Hong Kong government contractor wins defamation case against refugee charity
Vision First ordered to pay HK$800,000 to International Social Service Hong Kong for articles it published
The Hong Kong government’s social welfare provider has won a defamation case against a private charity that supports refugees.
Refugee group Vision First was yesterday ordered to pay HK$800,000 to International Social Service Hong Kong (ISS-HK) after the High Court found it had published 21 articles with serious allegations defaming the government contractor over nine months starting in the summer of 2013.
The court also said Vision First must pay ISS-HK’s legal costs, and served an injunction against the organisation.
The case centred on 21 articles published by Vision First which contained content considered defamatory and which ISS-HK said implied it had committed serious criminal offences in relation to the handling of asylum seekers who claim they will be tortured or hurt if they return to their home country, otherwise known as “non-refoulement claimants”.
In his ruling, Mr Justice Andrew Chung On-tak wrote: “The 21 articles are quite clearly intended to, and did, convey to an ordinary reader defamatory imputations.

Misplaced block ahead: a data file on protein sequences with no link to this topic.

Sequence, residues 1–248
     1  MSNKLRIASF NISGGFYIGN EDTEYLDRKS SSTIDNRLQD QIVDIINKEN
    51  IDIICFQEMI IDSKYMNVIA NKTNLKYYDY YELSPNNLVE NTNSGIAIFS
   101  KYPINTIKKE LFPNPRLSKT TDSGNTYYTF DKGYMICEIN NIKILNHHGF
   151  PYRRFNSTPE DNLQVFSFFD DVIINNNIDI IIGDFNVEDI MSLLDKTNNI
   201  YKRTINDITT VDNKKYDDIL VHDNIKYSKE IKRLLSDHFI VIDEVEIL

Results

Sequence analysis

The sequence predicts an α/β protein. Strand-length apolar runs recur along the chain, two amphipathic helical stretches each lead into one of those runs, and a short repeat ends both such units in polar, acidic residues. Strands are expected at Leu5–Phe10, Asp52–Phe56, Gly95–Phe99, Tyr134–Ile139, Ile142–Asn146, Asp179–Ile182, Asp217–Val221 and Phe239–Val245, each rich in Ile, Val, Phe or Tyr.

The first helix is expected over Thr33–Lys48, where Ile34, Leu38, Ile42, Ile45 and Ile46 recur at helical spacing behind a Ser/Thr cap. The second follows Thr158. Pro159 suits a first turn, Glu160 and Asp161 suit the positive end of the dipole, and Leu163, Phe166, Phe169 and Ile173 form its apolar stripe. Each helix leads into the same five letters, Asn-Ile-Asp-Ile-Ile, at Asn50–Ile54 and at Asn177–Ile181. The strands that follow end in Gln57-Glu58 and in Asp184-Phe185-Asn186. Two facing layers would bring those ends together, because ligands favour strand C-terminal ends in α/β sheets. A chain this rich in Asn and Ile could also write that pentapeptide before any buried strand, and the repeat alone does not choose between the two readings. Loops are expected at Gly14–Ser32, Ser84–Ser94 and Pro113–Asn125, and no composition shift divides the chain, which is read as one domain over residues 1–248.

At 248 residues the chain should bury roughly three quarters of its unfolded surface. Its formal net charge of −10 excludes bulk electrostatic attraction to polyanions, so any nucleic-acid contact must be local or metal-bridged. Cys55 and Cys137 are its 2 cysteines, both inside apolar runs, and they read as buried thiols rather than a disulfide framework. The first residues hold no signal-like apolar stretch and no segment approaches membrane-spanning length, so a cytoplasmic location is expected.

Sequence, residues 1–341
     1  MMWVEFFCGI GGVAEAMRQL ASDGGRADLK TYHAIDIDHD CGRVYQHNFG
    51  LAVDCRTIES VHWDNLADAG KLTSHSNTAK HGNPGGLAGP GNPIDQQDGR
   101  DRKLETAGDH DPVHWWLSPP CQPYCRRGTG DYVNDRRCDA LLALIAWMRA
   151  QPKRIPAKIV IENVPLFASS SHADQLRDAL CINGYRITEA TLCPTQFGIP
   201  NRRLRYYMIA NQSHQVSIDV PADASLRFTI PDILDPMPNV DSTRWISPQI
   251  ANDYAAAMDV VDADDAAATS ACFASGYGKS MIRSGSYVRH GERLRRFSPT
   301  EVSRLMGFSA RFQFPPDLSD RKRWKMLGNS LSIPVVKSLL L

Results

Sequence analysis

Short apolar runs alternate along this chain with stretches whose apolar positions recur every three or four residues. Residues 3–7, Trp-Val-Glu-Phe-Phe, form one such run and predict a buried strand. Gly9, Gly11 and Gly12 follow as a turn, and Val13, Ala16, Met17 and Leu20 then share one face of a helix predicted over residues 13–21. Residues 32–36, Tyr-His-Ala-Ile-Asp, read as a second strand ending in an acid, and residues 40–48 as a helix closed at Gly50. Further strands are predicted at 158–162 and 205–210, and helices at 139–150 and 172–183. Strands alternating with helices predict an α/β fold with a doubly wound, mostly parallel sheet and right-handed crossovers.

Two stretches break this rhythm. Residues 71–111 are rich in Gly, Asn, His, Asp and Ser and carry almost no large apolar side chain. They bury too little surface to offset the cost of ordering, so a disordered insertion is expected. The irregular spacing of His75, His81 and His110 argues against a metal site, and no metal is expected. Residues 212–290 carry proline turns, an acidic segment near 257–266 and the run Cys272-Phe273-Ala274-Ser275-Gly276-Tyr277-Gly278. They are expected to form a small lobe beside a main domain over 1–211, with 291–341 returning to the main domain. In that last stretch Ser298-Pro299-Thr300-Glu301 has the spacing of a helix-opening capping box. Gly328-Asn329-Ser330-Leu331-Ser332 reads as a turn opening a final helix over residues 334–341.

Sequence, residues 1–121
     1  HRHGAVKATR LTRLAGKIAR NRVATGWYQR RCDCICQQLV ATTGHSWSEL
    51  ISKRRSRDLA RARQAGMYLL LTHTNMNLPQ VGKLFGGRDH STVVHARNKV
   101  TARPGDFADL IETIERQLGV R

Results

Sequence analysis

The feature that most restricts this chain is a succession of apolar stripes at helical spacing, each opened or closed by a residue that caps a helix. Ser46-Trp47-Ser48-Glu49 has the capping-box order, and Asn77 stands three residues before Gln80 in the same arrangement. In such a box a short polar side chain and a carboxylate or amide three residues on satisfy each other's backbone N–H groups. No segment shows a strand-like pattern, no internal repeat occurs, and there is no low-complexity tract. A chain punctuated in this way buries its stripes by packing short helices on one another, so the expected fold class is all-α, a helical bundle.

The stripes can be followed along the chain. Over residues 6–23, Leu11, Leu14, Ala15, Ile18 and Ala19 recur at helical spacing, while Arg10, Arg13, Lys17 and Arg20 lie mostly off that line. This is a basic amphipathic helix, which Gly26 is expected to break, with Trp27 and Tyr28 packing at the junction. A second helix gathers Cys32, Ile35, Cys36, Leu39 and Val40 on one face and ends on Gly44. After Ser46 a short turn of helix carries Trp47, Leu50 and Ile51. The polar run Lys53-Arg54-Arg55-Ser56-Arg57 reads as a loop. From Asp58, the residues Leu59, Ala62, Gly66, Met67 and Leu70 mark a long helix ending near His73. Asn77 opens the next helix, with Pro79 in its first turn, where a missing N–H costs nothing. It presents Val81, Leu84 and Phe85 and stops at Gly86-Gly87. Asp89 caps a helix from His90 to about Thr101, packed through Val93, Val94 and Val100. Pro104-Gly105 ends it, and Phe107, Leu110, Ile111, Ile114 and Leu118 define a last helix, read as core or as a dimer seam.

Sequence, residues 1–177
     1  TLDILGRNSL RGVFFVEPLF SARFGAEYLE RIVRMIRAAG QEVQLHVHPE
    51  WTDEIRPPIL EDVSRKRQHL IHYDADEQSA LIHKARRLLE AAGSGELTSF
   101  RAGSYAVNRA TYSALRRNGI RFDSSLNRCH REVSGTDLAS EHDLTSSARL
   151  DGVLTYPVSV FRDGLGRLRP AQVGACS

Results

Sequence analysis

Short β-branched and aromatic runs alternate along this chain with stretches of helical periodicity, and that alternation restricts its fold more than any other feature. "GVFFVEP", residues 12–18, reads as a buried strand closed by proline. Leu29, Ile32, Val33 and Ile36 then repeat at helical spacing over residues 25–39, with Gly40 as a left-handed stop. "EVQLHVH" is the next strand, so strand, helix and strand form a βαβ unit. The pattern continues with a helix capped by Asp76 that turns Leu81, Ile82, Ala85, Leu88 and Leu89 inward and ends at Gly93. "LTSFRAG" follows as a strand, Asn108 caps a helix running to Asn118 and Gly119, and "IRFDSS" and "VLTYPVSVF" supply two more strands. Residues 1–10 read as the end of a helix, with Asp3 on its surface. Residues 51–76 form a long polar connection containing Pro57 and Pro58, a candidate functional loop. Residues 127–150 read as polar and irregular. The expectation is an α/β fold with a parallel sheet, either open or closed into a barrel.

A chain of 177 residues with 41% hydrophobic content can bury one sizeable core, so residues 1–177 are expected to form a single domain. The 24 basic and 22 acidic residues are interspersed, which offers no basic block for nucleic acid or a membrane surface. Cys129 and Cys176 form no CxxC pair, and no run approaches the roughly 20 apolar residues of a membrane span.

“The plaintiff has established that the 21 articles were defamatory of the plaintiff and were published by the defendant.”
Stephen Yau How-boa, chief executive of ISS-HK, celebrated the ruling, saying the judgement vindicated the work of his organisation and the “professionalism” of his staff.
Yau said in a statement: “We have never had any doubt of the result and are glad that the High Court’s verdict has set the record straight once and for all upholding the integrity of ISS-HK as a responsible social service organisation.
“What I found most gratifying during this long, trying period was that our service teams have chosen not to yield to pressure but to conscientiously perform their duties with professionalism and perseverance.”
The Post contacted Vision First founder Cosmo Beatson for comment.
It was unclear whether the charity would appeal the judgment. The future of the refugee support organisation and advocacy group could be threatened, if it does have to foot the bill.